As a sidenote, I wondered where the expression, “Holy Mackerel” came from, and this is the possible origin according to Wiktionary:
“Recorded from 1803 with uncertain origin, but possibly a euphemism for Holy Mary, with Mackerel being a nickname for Catholics because they ate the fish on Fridays. Another suggested explanation is the practice of selling mackerel on Sundays in the seventeenth century (because its quality deteriorates rapidly), so it was known as a holy fish.” (Source:

This next story had apparently impacted me so much I wrote it in my journal that day. It was March 2, 2000. A dark-haired woman came through my line, and she looked really happy. I was quietly scanning her groceries, and then out of the blue, she told me, “Life is a song. Just sing it. Then it makes all your worries go away.” What she said was inspirational, but what I admired more than what she said was the fact that she told it to a cashier at a supermarket. I like it when people say nice, inspirational things like that. She could have easily paid for her food in silence, but she chose not to.

The Less Fortunate
My heart broke a little every time a certain small, friendly man came through my line. He would always buy a small amount of produce: two pears, a small tangle of bean sprouts, a teeny acorn squash and a few potatoes. He would search around in his fanny pack for change to pay for his food, and sometimes he had to put something back because he didn’t have enough money.  I felt terrible that I took for granted the excessive amounts of food available to me while this nice man could barely afford a few vegetables. I wonder where he is today.

Trust or Desperation?
On a regular basis, a bus would come, full of refugees, so they could do their grocery shopping. The store would quickly become extremely busy and extremely noisy with the extra shoppers. They would spend about an hour in the store. Most of these people did not speak English, and most of these people bought unusual food—such as the vegetables we never remembered the 4-digit code for. These times were always challenging for the employees, but I didn’t appreciate how challenging this shopping experience was for the refugees until one certain day. A family came through my line, and their groceries cost over $100. When I told them the total, they looked blankly at me and blankly at the screen. The father reached into his pocket and brought out his wallet. He opened it, showed me the bills and pointed for me to take what he owed. There were a lot of bills in his wallet. I immediately felt very self-conscious: he wanted me to take his money? I felt…guilty. How did he know whether or not I was taking the right amount? Of course, I took the right amount, counted it slowly for him and then slowly counted his change back to him (more to make me and any onlookers feel better), but I still don’t think he knew what I was doing. So I wondered, was this an act of trust or of desperation?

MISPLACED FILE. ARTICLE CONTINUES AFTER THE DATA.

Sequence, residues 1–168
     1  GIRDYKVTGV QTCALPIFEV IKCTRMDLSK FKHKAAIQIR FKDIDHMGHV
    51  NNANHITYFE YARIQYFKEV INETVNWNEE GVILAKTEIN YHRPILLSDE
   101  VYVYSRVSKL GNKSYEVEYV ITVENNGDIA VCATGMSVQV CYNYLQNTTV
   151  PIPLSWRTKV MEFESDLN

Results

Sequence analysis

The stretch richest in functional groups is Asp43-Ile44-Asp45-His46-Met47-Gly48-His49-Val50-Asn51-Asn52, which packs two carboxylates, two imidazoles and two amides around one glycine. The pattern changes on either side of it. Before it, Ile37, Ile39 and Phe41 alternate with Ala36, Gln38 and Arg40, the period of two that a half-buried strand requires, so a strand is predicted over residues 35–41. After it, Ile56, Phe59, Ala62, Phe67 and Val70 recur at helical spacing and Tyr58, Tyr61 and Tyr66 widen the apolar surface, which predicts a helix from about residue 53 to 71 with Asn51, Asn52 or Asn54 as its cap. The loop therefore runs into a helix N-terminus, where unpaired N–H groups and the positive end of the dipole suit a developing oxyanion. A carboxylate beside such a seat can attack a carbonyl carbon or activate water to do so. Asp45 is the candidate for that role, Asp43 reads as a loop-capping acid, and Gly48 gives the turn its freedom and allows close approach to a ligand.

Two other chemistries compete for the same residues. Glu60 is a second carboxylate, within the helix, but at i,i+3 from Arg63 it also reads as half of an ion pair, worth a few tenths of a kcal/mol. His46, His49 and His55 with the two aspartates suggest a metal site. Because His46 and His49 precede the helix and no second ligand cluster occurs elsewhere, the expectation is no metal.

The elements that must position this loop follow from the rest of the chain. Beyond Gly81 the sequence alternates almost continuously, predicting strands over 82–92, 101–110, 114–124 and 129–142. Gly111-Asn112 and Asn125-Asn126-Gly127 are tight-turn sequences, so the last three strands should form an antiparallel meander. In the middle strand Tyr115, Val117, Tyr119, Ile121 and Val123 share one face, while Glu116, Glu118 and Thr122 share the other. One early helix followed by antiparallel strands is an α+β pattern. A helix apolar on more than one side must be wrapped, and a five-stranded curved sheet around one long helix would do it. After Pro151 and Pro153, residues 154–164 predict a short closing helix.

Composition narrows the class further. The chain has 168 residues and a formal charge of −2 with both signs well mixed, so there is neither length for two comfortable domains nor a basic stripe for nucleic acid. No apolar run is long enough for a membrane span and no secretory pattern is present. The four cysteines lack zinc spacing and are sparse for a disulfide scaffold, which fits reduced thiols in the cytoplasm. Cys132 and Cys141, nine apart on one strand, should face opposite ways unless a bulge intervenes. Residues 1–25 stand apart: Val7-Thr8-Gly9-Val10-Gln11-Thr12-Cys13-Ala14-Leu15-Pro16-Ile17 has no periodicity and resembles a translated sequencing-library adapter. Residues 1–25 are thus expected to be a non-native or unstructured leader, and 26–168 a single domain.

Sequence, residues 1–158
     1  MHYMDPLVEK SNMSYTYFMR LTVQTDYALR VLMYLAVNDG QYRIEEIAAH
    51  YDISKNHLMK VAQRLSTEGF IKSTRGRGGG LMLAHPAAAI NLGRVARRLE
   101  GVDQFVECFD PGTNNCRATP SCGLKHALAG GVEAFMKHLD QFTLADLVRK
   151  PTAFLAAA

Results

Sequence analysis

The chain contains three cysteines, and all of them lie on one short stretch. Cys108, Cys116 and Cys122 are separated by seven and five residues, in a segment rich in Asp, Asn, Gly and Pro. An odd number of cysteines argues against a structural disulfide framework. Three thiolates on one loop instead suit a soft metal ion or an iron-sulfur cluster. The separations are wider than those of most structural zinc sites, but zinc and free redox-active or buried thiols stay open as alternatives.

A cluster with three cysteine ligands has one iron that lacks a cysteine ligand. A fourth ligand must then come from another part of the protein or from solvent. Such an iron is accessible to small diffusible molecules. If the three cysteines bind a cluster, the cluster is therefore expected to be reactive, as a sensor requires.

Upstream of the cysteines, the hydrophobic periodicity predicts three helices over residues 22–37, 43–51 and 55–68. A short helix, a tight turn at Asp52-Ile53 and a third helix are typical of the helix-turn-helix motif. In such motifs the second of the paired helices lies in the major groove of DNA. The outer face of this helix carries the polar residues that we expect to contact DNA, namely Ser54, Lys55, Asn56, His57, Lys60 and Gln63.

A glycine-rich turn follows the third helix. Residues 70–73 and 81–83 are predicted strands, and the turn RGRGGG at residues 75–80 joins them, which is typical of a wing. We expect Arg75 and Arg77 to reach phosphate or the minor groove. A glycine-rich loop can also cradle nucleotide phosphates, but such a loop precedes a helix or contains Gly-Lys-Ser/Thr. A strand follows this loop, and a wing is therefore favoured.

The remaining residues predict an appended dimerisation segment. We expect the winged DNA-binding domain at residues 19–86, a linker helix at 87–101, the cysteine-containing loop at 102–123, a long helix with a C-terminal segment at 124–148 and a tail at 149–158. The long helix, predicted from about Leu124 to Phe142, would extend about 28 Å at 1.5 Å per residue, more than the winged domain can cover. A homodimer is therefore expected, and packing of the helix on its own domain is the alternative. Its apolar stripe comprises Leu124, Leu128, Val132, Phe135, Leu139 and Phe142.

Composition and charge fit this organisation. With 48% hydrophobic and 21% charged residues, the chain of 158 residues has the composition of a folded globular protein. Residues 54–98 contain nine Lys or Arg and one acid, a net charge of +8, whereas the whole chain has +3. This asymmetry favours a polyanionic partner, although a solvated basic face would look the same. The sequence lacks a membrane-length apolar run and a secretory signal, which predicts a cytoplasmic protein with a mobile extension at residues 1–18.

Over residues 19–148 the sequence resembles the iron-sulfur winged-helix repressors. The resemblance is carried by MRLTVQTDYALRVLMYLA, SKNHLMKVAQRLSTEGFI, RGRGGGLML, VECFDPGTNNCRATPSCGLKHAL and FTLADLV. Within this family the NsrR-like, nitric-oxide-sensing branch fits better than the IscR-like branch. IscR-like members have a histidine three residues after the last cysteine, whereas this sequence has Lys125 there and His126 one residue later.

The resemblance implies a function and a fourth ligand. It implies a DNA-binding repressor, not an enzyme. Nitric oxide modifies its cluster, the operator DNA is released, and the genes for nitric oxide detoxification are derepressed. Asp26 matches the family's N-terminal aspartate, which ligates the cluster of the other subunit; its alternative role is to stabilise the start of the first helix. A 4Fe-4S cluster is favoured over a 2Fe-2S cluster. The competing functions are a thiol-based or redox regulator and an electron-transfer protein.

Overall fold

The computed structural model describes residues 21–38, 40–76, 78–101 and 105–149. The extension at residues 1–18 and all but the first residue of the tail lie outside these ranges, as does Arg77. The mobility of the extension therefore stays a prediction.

It’s been about ten years since I was a cashier at a grocery store. My cashier job was one of my first jobs, but even so, I think I learned more about people there than I have working anywhere else. Seriously.